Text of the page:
2. Transparency of the financial sector: Besides building a framework for better sustainability data, financial institutions are encouraged to publish the methodology and strategies used to take climate risks into account, as well as to engage in investment stewardship. This information should be made available to the public on the website of the financial institution. Increasing transparency in this way would also provide for greater accountability of the financial sector.
  3. Impact investments and green bonds: The report focuses on climate and biodiversity protection. However, this third area of action has a broader scope as it aims to promote social impact investing in developing countries, for instance through the SDG Impact Finance Initiative launched in 2021 by the Federal Department of Economic Affairs, Education and Research (EAER). 10 As regards green bonds, the Swiss Federal Council adopted a framework for issuing green Confederation bonds in 2022 and issued the first green Confederation bond in October 2022. The Confederation plans to issue additional green bonds or to reopen existing green bonds offerings in the future.
  4. Pricing pollution: The last area of action aims at supporting, at the global level, carbon pricing to reduce carbon emissions. It also looks at supporting carbon offsetting in the financial sector. The Federal Department of the Environment, Transport, Energy and Communications (DETEC) is examining the measures that could be taken in this regard.


This new sustainability report is in line with the measures and recommendations formulated by the Swiss Federal Council in previous reports and other publications, such as its report on sustainability of June 24, 2020. 11 Moreover, the general (and rather pragmatic) approach underlying Switzerland’s strategy for sustainable finance is reaffirmed: public action should remain subsidiary to solutions from market players and Swiss climate policy needs to be aligned with developments taking place at the international level.


As a result, with a few exceptions (notably the Ordinance on Climate Disclosures and the implementation of the principles against greenwashing described above), the action plan for 2022-2025 is largely based on recommendations and calls for action rather than prescriptive measures.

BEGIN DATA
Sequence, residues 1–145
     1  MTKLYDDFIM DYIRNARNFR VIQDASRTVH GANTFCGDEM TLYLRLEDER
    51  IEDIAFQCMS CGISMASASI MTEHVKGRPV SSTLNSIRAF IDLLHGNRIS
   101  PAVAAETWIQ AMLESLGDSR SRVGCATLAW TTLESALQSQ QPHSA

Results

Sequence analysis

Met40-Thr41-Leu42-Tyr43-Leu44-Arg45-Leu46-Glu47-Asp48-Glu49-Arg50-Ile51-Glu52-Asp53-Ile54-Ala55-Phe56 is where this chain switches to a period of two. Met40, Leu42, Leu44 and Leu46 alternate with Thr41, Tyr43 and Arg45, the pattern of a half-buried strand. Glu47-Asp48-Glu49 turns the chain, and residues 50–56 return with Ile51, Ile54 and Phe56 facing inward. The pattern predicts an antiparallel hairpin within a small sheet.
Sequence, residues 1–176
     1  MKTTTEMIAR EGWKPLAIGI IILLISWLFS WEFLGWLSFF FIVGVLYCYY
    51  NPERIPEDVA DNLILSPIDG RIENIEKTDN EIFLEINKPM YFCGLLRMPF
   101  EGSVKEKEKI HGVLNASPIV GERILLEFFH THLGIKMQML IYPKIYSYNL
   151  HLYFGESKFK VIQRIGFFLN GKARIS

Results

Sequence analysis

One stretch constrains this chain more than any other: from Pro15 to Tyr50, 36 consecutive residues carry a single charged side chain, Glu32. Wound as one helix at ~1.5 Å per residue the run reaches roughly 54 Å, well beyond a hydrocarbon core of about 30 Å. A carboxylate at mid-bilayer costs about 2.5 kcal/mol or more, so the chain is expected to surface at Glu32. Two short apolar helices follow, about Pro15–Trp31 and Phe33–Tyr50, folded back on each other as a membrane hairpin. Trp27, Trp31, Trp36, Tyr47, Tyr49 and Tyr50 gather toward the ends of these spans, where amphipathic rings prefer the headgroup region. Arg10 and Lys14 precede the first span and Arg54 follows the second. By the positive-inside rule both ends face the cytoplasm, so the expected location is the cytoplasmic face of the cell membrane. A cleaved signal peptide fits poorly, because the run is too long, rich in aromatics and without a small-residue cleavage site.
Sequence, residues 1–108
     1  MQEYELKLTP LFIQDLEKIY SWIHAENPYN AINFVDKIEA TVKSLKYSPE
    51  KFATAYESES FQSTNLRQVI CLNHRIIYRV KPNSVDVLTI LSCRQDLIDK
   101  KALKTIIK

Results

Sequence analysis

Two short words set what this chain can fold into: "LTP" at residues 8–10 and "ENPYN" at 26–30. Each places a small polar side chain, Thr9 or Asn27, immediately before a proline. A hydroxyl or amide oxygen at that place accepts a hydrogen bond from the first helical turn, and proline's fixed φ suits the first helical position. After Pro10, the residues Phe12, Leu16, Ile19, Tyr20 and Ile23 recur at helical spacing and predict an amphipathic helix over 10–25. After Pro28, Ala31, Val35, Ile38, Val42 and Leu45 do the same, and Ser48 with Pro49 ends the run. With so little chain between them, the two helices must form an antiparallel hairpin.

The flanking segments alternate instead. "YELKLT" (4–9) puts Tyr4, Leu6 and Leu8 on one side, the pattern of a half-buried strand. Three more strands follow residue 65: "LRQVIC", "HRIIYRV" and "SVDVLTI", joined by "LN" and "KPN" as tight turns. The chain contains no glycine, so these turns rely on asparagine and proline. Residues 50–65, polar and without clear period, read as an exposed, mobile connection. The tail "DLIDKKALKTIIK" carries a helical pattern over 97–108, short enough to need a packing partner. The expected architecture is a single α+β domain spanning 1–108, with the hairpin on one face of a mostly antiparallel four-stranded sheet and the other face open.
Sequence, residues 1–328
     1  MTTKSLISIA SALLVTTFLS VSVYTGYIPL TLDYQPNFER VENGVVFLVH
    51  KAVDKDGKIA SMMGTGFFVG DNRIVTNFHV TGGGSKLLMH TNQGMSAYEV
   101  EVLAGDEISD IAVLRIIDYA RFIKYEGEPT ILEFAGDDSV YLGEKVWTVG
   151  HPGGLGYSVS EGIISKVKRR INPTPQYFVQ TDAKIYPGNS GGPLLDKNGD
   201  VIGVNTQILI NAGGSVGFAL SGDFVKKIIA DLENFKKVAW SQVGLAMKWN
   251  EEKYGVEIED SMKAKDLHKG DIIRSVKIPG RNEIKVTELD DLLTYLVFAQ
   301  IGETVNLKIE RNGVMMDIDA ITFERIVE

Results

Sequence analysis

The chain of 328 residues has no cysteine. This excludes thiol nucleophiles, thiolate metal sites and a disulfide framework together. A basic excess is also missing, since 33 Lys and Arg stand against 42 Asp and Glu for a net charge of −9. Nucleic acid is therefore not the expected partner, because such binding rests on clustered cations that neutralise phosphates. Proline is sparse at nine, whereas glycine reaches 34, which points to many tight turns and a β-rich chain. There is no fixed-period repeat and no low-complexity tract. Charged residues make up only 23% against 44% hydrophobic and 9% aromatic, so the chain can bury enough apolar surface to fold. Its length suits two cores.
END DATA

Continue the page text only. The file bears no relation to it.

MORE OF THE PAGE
That being said, the climate policy announced in the report contains some new developments worth to be mentioned:


  • Pursuant to developments happening at the international level 12 , biodiversity loss is now part of the Swiss strategy for climate transition. In particular, the Swiss Federal Council plans to develop, in the medium term, transparency recommendations to promote biodiversity.


  • As mentioned, the Swiss Federal Council’s position on combating greenwashing has become more assertive as it acknowledges that the measures put in place so far by the market are insufficient. Accordingly, its position paper on greenwashing lays out a series of principles to remedy this situation.


  • As a significant departure from the EU approach, the introduction of a taxonomy has been discarded. The taxonomy is not seen as a very compelling tool to properly assess the economic activities that make a substantial contribution to the achievement of environmental objectives.


  • The FDF has been instructed to examine whether the creation of a new category of collective investments could facilitate social impact investing. FINMA and the relevant industry players will also participate in assessing such a measure, which would entail an adaptation of the Swiss financial market legislation.


  • By encouraging investment stewardship, the Swiss Federal Council has taken a step further to enhance transparency in the financial sector.


  • The Swiss Federal Council reiterates its support for the conclusion of voluntary industry agreements by the financial institutionsto enhance transparency within the financial sector. So far, the adoption of this measure has been rejected by the Swiss financial industry.


3. Looking into the 2023 Swiss sustainable finance landscape


The latest sustainability report as well as the position paper on greenwashing set out an ambitious agenda to reinforce Switzerland’s position in the area of sustainable finance.


According to the agenda stated in the report, the following developments should be expected in 2023 as regards some of the measures and recommendations discussed:


  • conclusions from the FDF on how to implement the principles developed by the Swiss Federal Council to fight against greenwashing (deadline by September 30, 2023);


  • assessment by the FDF of the progress made on the conclusion of voluntary industry agreements by financial institutions (deadline by the end 2023);


  • review of the comparability value and incentive effect of the Swiss Climate Scores, and further adjustments as necessary (deadline by the end 2023).


Your contacts at OBERSON ABELS SA


  • Antoine Amiguet T +41 58 258 88 88


  • Philipp Fischer T +41 58 258 88 88


  • Sonia De la Fuente T +41 58 258 88 88